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Ó Springer 2008
Why CallicottÕs Ecological Communitarianism Is Not Holistic
Philosophy, Texas A&M University, Galveston, TX 77550, USA; e-mail: domskyd@ tamug.edu
1. Introduction As part of his overall environmental ethic, J. Baird Callicott advances a normative theory he terms communitarianism.1 On this theory, there are exactly two criteria for moral standing, shared kinship and shared community. CallicottÕs is speciﬁcally an ecological communitarianism, because kinship and community are understood broadly to include not just human communities but evolutionary and ecological communities as well. This allows a whole host of natural entities to be allotted moral standing, and makes communitarianism a compelling force in non-anthropocentric environmental philosophy. What makes CallicottÕs theory particularly appealing, though, is its ecological holism. Unlike many competing normative theories, it secures moral standing not just for individual natural entities but for ecological wholes as well, including such wholes as ecosystems and species as species.2 Ecological holism of this sort is a seductive nectar. If communitarians can successfully attain it, environmental philosophers will no doubt come buzzing. But can communitarians actually attain it? Perhaps surprisingly, the answer is no. When we examine the theoretical structure of the theory carefully, we discover two things. First, it is far from clear that communitarians can lay any claim at all to ecological holism. Second, it is highly doubtful, even if they can lay some claim to it, that they will have any distinctive advantage over non-communitarians in doing so. In the end, ecological holism is simply nectar out of reach. If communitarianism is to be appealing, it will have to be on its non-holistic merits. 2. Kinship and Community Clariﬁed In order to assess how holistic communitarianism is, we ﬁrst need to understand exactly how communitarians mark an entity as having moral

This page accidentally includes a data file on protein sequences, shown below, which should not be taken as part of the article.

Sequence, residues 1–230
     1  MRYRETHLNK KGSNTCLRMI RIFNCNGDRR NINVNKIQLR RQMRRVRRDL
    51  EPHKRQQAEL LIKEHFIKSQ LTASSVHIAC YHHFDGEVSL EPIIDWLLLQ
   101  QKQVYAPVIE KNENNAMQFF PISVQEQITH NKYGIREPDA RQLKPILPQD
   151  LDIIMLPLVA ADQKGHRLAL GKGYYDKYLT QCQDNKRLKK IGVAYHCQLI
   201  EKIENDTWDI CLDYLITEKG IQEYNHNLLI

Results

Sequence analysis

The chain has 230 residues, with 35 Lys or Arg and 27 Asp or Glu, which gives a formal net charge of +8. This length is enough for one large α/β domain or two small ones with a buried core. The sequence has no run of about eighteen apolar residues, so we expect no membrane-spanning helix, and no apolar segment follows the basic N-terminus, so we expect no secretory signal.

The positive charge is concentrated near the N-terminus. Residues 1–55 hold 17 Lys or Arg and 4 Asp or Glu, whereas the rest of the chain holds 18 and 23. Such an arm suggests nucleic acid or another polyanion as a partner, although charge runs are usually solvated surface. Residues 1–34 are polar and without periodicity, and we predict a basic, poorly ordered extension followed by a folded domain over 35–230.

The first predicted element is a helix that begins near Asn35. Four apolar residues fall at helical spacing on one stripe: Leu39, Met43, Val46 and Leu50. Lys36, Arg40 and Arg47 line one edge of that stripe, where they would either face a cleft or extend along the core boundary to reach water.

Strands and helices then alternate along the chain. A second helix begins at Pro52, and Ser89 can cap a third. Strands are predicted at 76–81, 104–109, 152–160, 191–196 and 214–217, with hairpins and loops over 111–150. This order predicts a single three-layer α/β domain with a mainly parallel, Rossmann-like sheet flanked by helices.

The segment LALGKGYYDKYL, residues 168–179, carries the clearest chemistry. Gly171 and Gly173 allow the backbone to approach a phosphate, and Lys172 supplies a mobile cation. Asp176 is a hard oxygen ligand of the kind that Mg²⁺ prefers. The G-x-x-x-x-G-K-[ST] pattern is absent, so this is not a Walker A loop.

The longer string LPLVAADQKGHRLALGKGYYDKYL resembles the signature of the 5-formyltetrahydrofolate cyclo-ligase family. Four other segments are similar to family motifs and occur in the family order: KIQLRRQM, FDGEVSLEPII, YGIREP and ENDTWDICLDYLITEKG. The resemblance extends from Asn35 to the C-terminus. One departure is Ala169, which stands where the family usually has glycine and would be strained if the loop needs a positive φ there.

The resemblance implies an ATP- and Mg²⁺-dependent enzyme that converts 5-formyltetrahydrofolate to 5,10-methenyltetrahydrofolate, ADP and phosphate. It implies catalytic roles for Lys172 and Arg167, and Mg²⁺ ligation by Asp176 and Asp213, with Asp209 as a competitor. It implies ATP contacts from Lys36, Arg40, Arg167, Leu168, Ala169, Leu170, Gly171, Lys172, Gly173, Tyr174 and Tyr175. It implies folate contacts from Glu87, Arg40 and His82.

It secures moral standing not just for groups of kin and community members but for distinctly ecological wholes as well. People. Particular entities do not need to be directly dependent on each other in order to share a bond of community. when they are ‘‘descendants of a common paleontological parent stock. communitarianism is holistic in a simple. members of biotic communities rely on each other ecologically. To his credit. and it is not clear what it really amounts to. Understood this way. of non-living lands and waters. If it is none of these things. on the whole. but they are nothing . and cannot. Individuals count as web occupants when they rely on at least one other occupant and when they are relied on by at least one other occupant. it will require something more. Kinship and community are not only suﬃcient for moral standing: they are also disjunctively necessary for it. put another way. and any fellow occupants qualify as fellow community members. They are fundamentally tied to particular sets of individuals. Interdependence exists in webs. then it has none. the most charitable way to understand interdependence is to do so broadly. They are kinds.’’4 When entities have an ancestor in common with us.390 DARREN DOMSKY standing.5 Just as members of human or animal communities rely on each other socially. Any web that we ourselves occupy qualiﬁes as our community. in part.3 In order for this explanation to be useful. Still. kinship and community need to be clariﬁed. made up. such as ecosystems and species qua species. Callicott does so. Given all of this. the community concept can apply very broadly. dogs. Ecological communities are just like biotic communities except that they include non-living entities as members. holism of this sort is not diﬃcult to attain. is ecologically holistic.’’ or. and pine trees can have moral standing not just individually but altogether. then it has moral standing. exist independently of each other. our community. Entities share a bond of community when they are mutually interdependent. no matter how distant the ancestor is. Callicott promises more. CallicottÕs answer is that entities have moral standing if and only if they share a bond of kinship or community with us. the entities are our kin. Species as species are also not groups of valuable individuals. though. or our fellow community member. Ecosystems are not mere groups of intrinsically valuable individuals. This would make bonds of community intolerably rare. Entities share a bond of kinship when they share a ‘‘common ancestry. Communitarianism.6 Though Callicott is somewhat unclear on this matter. If communitarianism is to have any distinctive appeal. restricted sense. They are complex and dynamic wholes. Kinship and especially community apply to not only individuals but groups of individuals as well. he insists. If an entity is our fellow kin.